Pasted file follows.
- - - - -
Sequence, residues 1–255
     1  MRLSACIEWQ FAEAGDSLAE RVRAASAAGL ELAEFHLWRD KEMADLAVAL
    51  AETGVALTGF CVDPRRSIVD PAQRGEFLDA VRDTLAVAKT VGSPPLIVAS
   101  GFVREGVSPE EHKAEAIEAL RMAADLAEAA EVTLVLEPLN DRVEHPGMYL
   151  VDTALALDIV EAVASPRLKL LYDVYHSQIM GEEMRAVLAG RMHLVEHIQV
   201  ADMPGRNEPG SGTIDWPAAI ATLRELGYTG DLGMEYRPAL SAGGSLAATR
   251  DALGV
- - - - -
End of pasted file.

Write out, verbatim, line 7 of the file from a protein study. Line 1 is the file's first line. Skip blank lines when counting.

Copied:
   251  DALGV